A make-over for council-citizen interaction

Like other public services, local authorities need to make more than just short term cuts – they need to be looking for all opportunities to change the way they do things in order to achieve long-term opportunities for savings. A prime area of opportunity is around customer management, the focus of a recent report from the research arm of the IT and digital management association, Socitm.
‘Better served: customer access, efficiency and channel shift’, published on 15 February opens with the comment: “It is hard to imagine a major customer facing business, public or private, trying to run its business without top management knowing how many customers it has, the volume of enquiries received through the main access channels, or its most popular services by volume and cost-to-serve. And yet this does appear to still be the case with most local authorities today.”
Cost Savings
The Better Served report goes on to argue that there is significant potential for savings by local authorities through reducing the volumes of phone and face-to-face contacts they get, and shifting more contacts to the web. This can be done without sacrificing customer satisfaction – in fact the reverse is likely to be true, as part of the trick is to resolve the same number or issues, but with fewer contacts involved in each issue.

The scope for savings lies in the unit high cost of handling phone and face-to-face contacts – estimated from Socitm’s own data at £7.40 and £2.90 – and the fact that few councils have yet exploited opportunities to reduce the high levels of avoidable and unnecessary contacts most of them continue to receive into these channels.

Added to this, few councils have adopted determined, corporate-wide initiatives to shift incoming enquiries to the web channel. Not only is the cost to serve significantly cheaper, the marginal cost of additional web enquiries is virtually zero. This contrasts with other channels, where servicing more enquiries essentially means taking on more people to handle them.
Barriers to success
There are two key reasons why councils have not made more progress in this area. The first lies in the fact that in most councils, no one ‘owns’ the customer. Traditionally, service departments (planning, social services, environment) have managed their own customers. Even where councils have made moves to reap efficiencies by setting up corporate customer service functions, key service areas have often been allowed to remain outside of these arrangements. In addition, the corporate website – the major source of potential savings on customer enquiry handling – is often managed in communications or IT, and remains separate from other customer channels.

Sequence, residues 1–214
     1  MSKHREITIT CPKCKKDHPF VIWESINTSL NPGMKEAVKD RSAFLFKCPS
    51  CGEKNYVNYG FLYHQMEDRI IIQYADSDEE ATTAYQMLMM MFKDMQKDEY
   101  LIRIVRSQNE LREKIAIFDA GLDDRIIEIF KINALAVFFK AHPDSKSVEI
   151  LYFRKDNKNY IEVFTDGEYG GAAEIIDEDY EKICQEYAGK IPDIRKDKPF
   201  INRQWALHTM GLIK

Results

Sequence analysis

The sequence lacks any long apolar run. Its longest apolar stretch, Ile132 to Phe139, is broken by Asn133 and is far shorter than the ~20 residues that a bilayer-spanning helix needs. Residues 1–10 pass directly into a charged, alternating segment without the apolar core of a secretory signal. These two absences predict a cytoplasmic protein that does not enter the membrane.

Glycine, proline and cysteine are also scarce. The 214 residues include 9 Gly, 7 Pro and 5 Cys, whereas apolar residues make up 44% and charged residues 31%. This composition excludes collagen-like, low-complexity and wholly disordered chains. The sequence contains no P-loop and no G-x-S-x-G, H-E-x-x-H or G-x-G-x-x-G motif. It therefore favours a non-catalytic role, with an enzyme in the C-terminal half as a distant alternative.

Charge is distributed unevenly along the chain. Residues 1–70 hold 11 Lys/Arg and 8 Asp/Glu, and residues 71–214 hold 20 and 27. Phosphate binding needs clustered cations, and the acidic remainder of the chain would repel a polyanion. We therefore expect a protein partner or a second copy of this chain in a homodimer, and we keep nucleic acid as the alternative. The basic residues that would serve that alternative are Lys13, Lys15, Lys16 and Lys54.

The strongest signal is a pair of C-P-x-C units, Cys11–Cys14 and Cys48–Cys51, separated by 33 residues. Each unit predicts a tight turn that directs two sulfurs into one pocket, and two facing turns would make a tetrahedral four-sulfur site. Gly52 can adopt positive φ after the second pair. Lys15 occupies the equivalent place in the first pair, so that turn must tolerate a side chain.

The second reason customer management is not more efficient in most councils comes down to lack of management information. In order to manage customer enquiries efficiently and effect changes that will lead to savings, decision-makers need easy access to comprehensive customer enquiry data from all services and channels. The fact that his is not currently the case in most councils, as evidence laid out in the report shows, is in part due to the problem outlined above, namely that customer contact continues to be handled through a range of separate pockets and silos, including service departments, customer services, and web teams.
The road to better contact
The report provides ten conclusions for councils that wish to sieze this key area for improvement.
Firstly, it is pointed out that councils can make significant cost savings through better management of customer access.
Birmingham City Council’s business case for its Customer First Programme anticipates £197.4m of cashable benefits over ten years, while Tameside, a much smaller metropolitan district, is looking at savings of £1m over the next four years, just from better management of the front office. Since 2007, Surrey County Council has reduced the cost of phone and web contacts from 79p to 49p per enquiry and since 2007 has saved £175,000 in its contact centre and an additional £150,000 elsewhere by reducing avoidable contact.
Reducing volumes
The report highlights that cost reduction comes from reducing volumes of phone and face-to-face enquiries.

The focus in volume reduction needs to be on the phone and face-to-face channels. If volumes fall, fewer people are needed to service them and staff can be redeployed or reduced. However, if web enquiries rise because of channel shift or just because the web is easy and available 24 x 7, the cost of these additional enquiries is almost zero. All the case studies featured in Better Served have seen or anticipate falling phone and face-to-face and rising web contacts.

The report suggests that there are three main ways of reducing call and face-to-face volumes without reducing customer satisfaction.

Firstly, more enquiries should be resolved at the first point of contact. Professional customer service approaches and common standards can make a difference here. Secondly, avoidable contacts should be reduced by providing more and better information at appropriate points in the customer journey, setting service delivery expectations and delivering to these expectations. Thirdly, people should be strongly encouraged to self-service their enquiries via the web (this should include complex transactions as much as simple information requests).